And then you go back and delete the 'Dear Mother' and all the whimpering and whining, and just keep the bear.
John McPhee (b. 1934), Draft No. 4, The Writing Life (The New Yorker)







Ted Nicholas on Getting Started

Ted Nicholas is one of the great entrepreneurs, publishers, teachers and writers in the world of direct marketing. Here's his advice to copywriters and, by extension, to all writers:
     Clear your mind. 
     For some persons, this might mean lying down for a few minutes before going to work.
     For others, it could mean jumping in the pool or jogging around a track.
     Frolic, spend time with someone you love or go dancing. Do whatever comes naturally to you in order to have a clear mind for creative purposes.
     Never write when you're tired. You're not going to try to drive or operate machinery when you're tired. Don't try to write if you're fatigued.
     Never write when you're busy. If there are other demands pressing on you, tend to them first. I don't think anyone can write well when watching the clock. Don't try to write if you have appointments later in the day or errands to run.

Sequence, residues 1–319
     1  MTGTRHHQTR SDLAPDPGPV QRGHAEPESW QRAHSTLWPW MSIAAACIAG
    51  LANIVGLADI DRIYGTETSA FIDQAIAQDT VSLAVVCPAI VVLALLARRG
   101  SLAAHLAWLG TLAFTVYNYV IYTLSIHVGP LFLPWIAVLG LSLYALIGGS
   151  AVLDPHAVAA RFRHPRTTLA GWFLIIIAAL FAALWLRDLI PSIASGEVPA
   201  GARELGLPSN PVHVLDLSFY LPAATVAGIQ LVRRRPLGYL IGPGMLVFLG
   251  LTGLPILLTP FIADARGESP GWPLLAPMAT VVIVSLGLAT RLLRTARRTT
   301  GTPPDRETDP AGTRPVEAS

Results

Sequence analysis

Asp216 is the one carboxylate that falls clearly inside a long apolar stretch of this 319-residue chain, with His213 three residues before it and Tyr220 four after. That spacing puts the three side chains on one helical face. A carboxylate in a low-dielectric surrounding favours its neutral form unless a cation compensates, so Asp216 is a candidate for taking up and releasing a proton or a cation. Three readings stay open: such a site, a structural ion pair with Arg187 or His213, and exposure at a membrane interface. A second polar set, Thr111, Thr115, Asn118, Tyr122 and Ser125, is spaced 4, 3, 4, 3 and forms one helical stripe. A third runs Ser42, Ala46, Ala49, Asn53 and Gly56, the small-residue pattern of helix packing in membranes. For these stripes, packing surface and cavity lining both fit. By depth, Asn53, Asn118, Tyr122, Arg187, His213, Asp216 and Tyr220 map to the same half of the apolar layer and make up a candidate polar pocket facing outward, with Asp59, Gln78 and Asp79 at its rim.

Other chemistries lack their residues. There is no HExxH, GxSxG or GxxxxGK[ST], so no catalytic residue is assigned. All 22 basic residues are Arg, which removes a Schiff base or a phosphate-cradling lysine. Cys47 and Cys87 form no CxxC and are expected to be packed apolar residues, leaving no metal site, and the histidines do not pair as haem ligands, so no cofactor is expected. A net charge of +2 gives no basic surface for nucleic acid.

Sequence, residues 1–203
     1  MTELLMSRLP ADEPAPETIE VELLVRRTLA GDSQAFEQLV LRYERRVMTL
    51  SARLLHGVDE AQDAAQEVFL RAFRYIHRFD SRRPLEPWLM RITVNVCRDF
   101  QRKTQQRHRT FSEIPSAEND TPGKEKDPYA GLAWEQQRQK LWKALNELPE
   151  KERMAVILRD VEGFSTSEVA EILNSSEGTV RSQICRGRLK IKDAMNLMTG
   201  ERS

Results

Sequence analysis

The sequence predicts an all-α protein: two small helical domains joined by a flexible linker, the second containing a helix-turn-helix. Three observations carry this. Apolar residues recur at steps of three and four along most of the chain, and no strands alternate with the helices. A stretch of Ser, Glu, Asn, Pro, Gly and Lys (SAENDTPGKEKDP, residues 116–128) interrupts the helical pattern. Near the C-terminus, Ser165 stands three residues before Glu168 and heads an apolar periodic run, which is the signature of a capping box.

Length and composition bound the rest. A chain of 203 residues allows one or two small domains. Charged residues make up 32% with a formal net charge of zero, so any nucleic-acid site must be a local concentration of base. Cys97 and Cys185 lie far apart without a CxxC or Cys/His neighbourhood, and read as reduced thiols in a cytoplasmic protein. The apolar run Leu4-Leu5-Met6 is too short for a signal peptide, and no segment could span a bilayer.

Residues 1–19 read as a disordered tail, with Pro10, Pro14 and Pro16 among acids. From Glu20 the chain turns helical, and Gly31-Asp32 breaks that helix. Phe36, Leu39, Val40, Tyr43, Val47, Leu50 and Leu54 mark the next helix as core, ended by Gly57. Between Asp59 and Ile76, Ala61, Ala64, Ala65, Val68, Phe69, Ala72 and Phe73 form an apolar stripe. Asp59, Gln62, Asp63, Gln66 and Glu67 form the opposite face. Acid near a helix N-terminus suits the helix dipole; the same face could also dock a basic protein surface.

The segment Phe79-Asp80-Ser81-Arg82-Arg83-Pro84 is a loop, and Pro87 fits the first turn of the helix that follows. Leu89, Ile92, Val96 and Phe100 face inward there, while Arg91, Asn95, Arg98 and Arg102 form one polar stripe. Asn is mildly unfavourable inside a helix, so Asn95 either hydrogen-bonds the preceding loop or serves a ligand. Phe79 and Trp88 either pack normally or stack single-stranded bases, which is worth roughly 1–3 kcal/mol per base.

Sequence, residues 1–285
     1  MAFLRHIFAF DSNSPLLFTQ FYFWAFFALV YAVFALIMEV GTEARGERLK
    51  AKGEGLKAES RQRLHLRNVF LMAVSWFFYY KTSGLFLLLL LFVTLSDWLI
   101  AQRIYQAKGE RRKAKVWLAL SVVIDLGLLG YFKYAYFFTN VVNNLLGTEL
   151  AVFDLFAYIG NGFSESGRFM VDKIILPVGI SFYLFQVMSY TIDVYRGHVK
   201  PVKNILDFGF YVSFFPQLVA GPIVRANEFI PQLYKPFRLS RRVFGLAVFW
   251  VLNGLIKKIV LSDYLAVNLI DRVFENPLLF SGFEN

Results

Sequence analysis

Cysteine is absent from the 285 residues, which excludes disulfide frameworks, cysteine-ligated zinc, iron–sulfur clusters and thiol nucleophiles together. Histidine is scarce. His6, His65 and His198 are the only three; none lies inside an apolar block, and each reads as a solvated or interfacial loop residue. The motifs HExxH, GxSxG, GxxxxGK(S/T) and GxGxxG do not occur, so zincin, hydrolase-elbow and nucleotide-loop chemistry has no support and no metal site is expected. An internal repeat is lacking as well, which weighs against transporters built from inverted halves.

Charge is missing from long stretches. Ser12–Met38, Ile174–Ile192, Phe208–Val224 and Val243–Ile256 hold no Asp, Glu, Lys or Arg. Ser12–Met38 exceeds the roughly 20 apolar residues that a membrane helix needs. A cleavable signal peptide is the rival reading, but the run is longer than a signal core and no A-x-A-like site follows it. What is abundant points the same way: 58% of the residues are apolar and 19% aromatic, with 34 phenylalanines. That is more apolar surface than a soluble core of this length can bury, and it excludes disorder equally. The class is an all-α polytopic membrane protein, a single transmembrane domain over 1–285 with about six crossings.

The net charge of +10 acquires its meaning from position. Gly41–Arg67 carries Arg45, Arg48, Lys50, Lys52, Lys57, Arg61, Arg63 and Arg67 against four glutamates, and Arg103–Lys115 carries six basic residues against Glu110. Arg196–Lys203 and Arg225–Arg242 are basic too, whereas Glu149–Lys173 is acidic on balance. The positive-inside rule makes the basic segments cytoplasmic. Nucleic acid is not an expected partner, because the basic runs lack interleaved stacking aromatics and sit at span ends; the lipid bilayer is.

Don't write in bits and pieces. Once you've turned on your creative energy, you need to keep it flowing. I don't stop until I complete a draft. I try not to stop even for meals.
Ted Nicholas, (né Nick Peterson, b. 1934),  The Golden Mailbox

 Gene Schwartz and His Kitchen Timer Secret

 

Gene Schwartz's powerful direct mail copy sold millions of dollars-worth of books (many published by himself). His Breakthrough Advertising is must-read for direct response copywriters.
     Gene once told me to get a kitchen timer and set it on the desk next to me.
     Then hit 4-4-4-4. That's forty-four minutes, forty-four seconds. During that period, all you do is work—write, do research, deal with correspondence, design, whatever.
     When the timer goes off, get up and shut the alarm sound off. Take a break. Walk around, stretch, get a cup of coffee, clear your head.
     When you're ready to go back to work, hit the 4-4-4-4 button again and dive in.
—Eugene Schwartz (1927-1995)
    

Ernest Hemingway on the Mechanics of Writing

When Ernest Hemingway finished writing a novel, he would stick the manuscript in a drawer and go deep-sea fishing, hunting in Africa or attend bullfights in Spain with Ava Gardner. On his return several weeks (or months) later, he would read the book with fresh eyes and immediately see where he went off the rails and what needed work.
     Most of us under deadline do not have this kind of time. However, if you can lay aside a piece of writing for 12 or 24 hours or longer and then go back to it for edits and rewrites, it can be beneficial. Hemingway wrote: